While working in Colorado in energy-efficiency consulting in 1983 Bob was invited urgently back to N.Z.
to become the Senior Design Lecturer by Dr. Errol Kelly who was on a
sabbatical nearby at School of Mines. Turned out his predecessor had just been seconded to Shell's
NZ Refining Co to work on a forced $US1+ billion upgrade project, precipitated by early 80's
Iran - Iraq war .
Supporting it was Prof. Titchener: although no longer HOD, he was active in alternative
liquid fuels, and University Vice-Chancellor Colin Maiden was on the N.Z.
Liquid Fuels Trust Board.
(Note in 1985,
I was approached by Mobil to train and supervise an intake of 9 new
graduates to commission their $1.2 billion NZ SynFuel complex. It
was an offer I could not afford to refuse, as our unsold house
back in Colorado had been seized by the bank, due to lower value
with the collapse of the US shale oil program. I regret having
to leave: would have liked a few more years to fully develop teaching &
design project materials, fine-tune the syllabi).
mid-academic year, in time to join a two-week bus tour of many process industry sites in the central North Island. The rest of the year with
Michael Allen we jointly did the curriculum already planned. Bob also used that period to research & plan his own approach for next year.
2nd Pro year "Process Analysis and Economics" course already had a well-organized curriculum and text-books. He was able to add
illustrative examples from his previous decade in the U.S. and backed that up with a list of 1,000 books and magazine article available in their Library.
For the "Process Design" course and Design project, Bob brought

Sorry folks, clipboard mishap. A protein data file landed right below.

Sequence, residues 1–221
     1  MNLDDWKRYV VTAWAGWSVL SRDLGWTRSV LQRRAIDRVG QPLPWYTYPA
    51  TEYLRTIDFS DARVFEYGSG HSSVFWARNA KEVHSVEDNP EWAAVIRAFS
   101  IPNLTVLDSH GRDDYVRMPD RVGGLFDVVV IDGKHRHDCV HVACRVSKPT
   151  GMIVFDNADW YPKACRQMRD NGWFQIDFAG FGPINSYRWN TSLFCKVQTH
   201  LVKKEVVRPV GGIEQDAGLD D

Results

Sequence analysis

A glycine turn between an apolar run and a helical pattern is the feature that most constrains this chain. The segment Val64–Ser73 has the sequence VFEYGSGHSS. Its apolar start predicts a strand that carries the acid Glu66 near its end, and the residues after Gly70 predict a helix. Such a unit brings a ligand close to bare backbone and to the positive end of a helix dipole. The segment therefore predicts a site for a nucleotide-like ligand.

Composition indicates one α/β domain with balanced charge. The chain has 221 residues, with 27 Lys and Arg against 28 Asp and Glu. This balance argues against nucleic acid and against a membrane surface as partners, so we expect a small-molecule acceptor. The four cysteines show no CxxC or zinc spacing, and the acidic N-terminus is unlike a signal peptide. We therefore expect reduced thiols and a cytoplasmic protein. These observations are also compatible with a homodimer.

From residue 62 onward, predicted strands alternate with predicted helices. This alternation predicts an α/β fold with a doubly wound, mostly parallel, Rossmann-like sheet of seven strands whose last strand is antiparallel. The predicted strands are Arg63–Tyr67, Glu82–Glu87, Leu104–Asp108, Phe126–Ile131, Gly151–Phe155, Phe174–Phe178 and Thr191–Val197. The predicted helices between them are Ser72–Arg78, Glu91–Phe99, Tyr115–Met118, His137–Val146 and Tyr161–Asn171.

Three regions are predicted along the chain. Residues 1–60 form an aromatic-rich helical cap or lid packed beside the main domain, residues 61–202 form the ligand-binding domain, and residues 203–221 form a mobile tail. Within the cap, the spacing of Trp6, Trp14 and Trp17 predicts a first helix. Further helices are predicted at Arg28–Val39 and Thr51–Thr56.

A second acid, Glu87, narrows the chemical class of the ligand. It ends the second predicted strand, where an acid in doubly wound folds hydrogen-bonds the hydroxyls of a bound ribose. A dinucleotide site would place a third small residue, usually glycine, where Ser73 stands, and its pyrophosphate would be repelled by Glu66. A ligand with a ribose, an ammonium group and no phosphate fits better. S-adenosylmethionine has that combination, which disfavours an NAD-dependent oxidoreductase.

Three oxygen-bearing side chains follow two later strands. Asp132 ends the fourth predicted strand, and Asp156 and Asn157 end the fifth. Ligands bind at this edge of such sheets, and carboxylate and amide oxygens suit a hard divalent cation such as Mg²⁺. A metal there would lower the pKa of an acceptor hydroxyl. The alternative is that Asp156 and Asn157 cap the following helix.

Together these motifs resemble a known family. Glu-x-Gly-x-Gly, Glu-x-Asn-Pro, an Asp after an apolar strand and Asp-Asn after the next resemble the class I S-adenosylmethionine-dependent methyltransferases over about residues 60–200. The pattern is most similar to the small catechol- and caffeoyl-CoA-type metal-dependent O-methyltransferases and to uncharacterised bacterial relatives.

a different approach to that of my predecessors. Rather than all students on the
same design project, he divided the students into groups of four. Each
group was given a different process industry: alumina, brewing, brick-making,
dairy, glass, fertiliser, formulations, methanol, pulp &
paper, refining, steel. They all were given the same set of deliverables
to produce, a scope, and a common basis of design.
Over the course of the Design project, each 3rd Pro team had
to deliver at given milestones e.g. PFDs and UFDs, H&MB,
unit process descriptions, utilities summaries, control narratives,
layouts, waste/emissions summary, HSE issues ... didn't
make them also do CapEx/OpEx - but he did use their projects as case
studies for his 2nd Pro "Process Analysis & Economics"
What he did need to get the Dean's approval on was this: all members of a team of four would get the same
grade; plus he asked them for each team to choose a spokesperson, whom
he met with weekly for discussion. The good thing that happened - just through sheer peer
influence - is all of the teams got their less-productive members to
contribute more, rather than slack off.
He also sectioned off of the end of the long C&M design studio, and six CBT stations installed for
process design, with software pre-loaded for doing common engineering calculations - pre-PC. (& he taught Materials
Engineering to skipper Russell Coutts who took
America's Cup from USA)
Equally satisfying during his three years were two committee assignments. The first was being part of
Engineering School curriculum redesign, going from year-long to two
semesters/year. This gave opportunity for some specialisation within
department offerings, and were able to add two courses dealing with
engineering responsibility. One was ethically-based, using lessons from
history - the other on current day impact of engineered projects &
products on society.
He also served on Auckland University's campus-wide
technology committee, a five-year plan for investment in distributed
computing capabilities. This was in an era of moving from networked
minicomputers, like the VAX 11/780 with smart terminals, to networked